It was his contention that the gardai manipulated domestic incidents involving him and his partner Marissa Simms and this resulted in a referral being made to Tusla in February 2014.

The tribunal, overseen by Supreme Court Judge Peter Charleton, did not investigate anything in relation to the matters of 2008 and 2009. It was solely tasked with examining his claims about Tusla and contacts between Tusla and the gardai in respect of Garda Harrison.

In his report, Judge Charleton found that, during the hearings in which their allegations were examined, their claims “simply collapsed” and he rejected all of them in their entirety.

Judge Charleton, who worked as a tribunal counsel during the Morris Tribunal, was unequivocal in his summation:

All of the allegations of Garda Keith Harrison and Marisa Simms examined by the tribunal are entirely without any validity. They have claimed to have been the victims of a malicious procession of events. That is not so.

“They claimed to have been the victims of a malicious procession of events. That is not so.

“They claimed to have been the victims of others. There is another side to this.

“The allegations which they made must have taken a considerable emotional toll on several of the multiple persons accused by them of very serious misconduct.

It is appropriate here to exonerate everyone in social services and in policing accused by them of discreditable conduct.

“That is the only possible conclusion to the tribunal’s enquiry. It is also amply corroborated by the supporting evidence analysed in this report.”

For anyone attending or following the hearings of the Garda Harrison module, Judge Charleton’s findings should come as no surprise – especially after Ms Simms’ evidence on September 27.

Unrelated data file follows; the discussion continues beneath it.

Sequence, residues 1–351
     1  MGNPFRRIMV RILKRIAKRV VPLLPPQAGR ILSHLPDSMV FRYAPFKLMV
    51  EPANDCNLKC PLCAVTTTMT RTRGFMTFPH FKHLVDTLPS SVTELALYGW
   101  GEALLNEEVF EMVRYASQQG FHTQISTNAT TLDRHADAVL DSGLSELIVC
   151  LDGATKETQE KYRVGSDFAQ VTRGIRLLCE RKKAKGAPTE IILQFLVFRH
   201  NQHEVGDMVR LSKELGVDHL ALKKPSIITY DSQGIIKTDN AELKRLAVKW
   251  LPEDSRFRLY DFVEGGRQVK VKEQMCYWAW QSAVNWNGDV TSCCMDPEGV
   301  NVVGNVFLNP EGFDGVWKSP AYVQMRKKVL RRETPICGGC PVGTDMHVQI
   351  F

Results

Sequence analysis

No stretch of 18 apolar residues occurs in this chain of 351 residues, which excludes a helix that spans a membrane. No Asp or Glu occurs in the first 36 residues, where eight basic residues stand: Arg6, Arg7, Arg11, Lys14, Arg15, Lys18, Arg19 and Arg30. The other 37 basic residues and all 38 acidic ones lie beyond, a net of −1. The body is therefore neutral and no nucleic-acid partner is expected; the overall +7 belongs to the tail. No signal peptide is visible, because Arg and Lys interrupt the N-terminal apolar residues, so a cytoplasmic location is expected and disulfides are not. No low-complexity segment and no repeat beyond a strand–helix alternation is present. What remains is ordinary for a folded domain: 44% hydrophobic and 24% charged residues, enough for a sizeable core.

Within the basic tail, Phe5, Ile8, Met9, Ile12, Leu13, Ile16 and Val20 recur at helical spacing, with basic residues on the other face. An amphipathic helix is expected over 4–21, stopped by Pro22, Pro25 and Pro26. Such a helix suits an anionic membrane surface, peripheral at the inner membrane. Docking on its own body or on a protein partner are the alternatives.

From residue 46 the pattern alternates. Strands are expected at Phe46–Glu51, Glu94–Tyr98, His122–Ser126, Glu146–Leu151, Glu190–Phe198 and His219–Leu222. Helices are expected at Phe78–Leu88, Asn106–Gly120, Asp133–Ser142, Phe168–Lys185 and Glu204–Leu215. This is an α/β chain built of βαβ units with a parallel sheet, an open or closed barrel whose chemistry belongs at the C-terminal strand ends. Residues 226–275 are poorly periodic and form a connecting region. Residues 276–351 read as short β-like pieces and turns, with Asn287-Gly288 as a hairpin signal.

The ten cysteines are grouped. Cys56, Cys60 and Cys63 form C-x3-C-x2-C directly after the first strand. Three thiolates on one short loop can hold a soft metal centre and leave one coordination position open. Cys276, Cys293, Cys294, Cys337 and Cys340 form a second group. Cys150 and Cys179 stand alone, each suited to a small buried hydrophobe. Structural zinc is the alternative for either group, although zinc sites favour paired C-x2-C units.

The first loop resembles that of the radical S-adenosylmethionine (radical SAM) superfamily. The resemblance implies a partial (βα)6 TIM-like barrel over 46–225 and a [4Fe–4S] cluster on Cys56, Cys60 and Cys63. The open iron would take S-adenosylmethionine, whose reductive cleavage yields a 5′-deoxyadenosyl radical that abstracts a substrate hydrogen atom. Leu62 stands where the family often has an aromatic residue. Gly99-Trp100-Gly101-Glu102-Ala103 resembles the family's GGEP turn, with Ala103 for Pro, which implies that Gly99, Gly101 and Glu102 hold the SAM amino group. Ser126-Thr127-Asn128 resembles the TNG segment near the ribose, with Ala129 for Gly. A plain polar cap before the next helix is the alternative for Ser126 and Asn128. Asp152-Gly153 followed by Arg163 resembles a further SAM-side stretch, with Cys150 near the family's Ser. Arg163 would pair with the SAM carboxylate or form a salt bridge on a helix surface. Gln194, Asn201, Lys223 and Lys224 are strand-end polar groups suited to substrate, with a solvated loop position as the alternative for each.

During the hearing that day Ms Simms said she had no issues with Tusla or the HSE or with the social worker who visited their home whom, she said, acted professionally and appropriately on foot of receiving a referral from the gardai.

It was also put to Ms Simms by Desmond Dockery SC, representing the gardai who took a statement from Ms Simms about Garda Harrison in October 2013 but which Ms Simms subsequently withdrew in January 2014 – that she had no basis for believing that gardai manipulated the HSE in relation to the Tusla referral.

Ms Simms said: “That’s correct.”

On foot of this, Mr Dockery asked Ms Simms, if that was her position, on what grounds did she make a complaint to GSOC last year in which she alleged the gardai abused their authority and made a referral in relation to Ms Simms’ children.

Ms Simms said she based it on her thinking that it wasn’t a coincidence that soon after she withdrew her statement on January 11, 2014, she received a letter from Tusla on February 2, 2014.

At one point, Judge Charleton directly asked Ms Simms: “What are you actually saying about the Garda and the HSE?”

Ms Simms replied: “I’m not inferring anything.”

At another point, Paul Anthony McDermott SC, for Tusla, stated:

“…there is a letter written on behalf of Marisa Simms and Garda Harrison by their solicitors to Dr [Katherine] Zappone, who is the Minister for Children and Youth Affairs; in other words, my client’s Minister…it says: “The manner of intervention of Tusla in our client’s family life is a cause of concern and is by any measure an inexcusable abuse of their position.”

It was my understanding that the reason we’re here in this module was to investigate that allegation. It appears as though it is no longer being pursued.”